Of course! I’ll never forget the first time I heard Robert Armani ‘Ambulance’; it was in 92 in Berlin at the Bunker Club during a Gabba set. If you can imagine that siren pitched well up in a tiny concrete room with 4 massive speakers in each corner, my mind just exploded. I have all of his albums; I love his rough sound he was a big inspiration for my tracks like Punch, Bones, Lion Clap and Radical Fear.
808 State I discovered on Monika Dietl’s radio show also in the early 90ies. Their output was always inspiring for a producer like me that is predominately 4 to the floor. I was so excited to hear the Crucial remix because I knew Massey would deliver something completely unique & different.
Who is your favourite remixer of all time?
Is there anyone that you would love to remix?
As my other alias’ Harry Axt’, I would love to remix Emmanuel Top.
What other producers or DJs influence your musical direction?
Metro Area, The KLF, Chicken Lips, Eric B & Rakim, M.A.R.R.S, Laurent Garnier, Emmanuel Top, Joey Beltram, The Timewriter, Steve Pointdexter, Todd Terje, Prince and so many more. I could go on for days!
Who has played the best set you have ever heard?
Jeff Mills on 3 turntables at Tresor. I remember one of his records had a scratch and he mixed it in with the scratch, my jaw was on the floor for his whole set.
Which is your favourite country to play away from Germany?
I love Japan.
As a Berlin beat maker, how has the city changed since it recently became so popular?
There’s a lot of fancy coffee options now days and I’m seeing quite a few hispster beards popping up in my neighbourhood previous populated by East Berliner grannies!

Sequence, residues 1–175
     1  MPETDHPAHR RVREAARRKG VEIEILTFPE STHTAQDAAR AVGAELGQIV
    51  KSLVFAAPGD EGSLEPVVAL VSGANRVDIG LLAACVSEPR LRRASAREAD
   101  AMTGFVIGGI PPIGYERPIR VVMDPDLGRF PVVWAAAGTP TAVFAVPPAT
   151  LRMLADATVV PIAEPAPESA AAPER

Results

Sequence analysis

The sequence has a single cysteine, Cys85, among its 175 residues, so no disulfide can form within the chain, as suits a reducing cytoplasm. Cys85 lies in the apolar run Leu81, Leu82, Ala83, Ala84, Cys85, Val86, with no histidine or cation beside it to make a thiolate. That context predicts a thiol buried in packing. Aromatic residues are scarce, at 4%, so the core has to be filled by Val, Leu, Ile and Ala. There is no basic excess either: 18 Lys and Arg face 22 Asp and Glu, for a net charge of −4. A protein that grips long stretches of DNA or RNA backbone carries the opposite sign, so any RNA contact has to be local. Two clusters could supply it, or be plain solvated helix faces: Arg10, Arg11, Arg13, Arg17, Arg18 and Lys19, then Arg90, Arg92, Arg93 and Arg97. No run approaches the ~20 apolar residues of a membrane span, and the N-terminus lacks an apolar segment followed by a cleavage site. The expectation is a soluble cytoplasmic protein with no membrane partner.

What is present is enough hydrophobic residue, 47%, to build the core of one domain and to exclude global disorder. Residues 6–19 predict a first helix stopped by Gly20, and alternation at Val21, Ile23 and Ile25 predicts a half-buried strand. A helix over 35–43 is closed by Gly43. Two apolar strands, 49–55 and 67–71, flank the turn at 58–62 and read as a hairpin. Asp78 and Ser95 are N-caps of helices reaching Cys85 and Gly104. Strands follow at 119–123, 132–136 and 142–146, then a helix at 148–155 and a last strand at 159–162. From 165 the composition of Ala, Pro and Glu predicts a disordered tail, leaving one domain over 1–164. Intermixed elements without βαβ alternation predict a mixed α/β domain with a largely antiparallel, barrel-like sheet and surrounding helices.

Do you see the influx of international producers moving to Berlin as creative competition?
No, not at all. A flower doesn’t think about the flower next to it, it just blooms.
Everyone talks about Berghain, but are there other lesser-known Berlin clubs that are just as good, yet less internationally renowned?
Absolutely. What constitutes ‘good’ is in the eye of the beholder. If the industrial intensity of Berghain isn’t for you, maybe the magical village vibes of Sisyphos is. There’s never a reason to complain in a club here, you just leave and go some place else; it’s a smorgasbord of fun whatever your taste.
With these two albums out in quick succession, what are your plans for the rest of the year?
Earlier in the year I released an EP on Waze & Odyssey’s W&O Street Tracks label. They’re a real pleasure to work with, so I’d like to do another release with them and I have a new EP coming out on Arms & Legs in June.
Do you have anything that you would like to achieve away from music?
No I’m obsessed. I have been since I was a child; very little else interests me unfortunately!
Where do you see yourself in 10 years time?
In the studio!
As you can see, a man totally dedicated to the cause! Be sure to check out Daniel Steinberg’s ‘Left Handed Remixes’ album to listen to the spin some seriously heavyweight dance producers have added to his original Berlin beats. It’s always great to see an artist at the top of his game and we look forward to seeing what else Daniel and his Arms and Legs imprint have in store for us in 2016.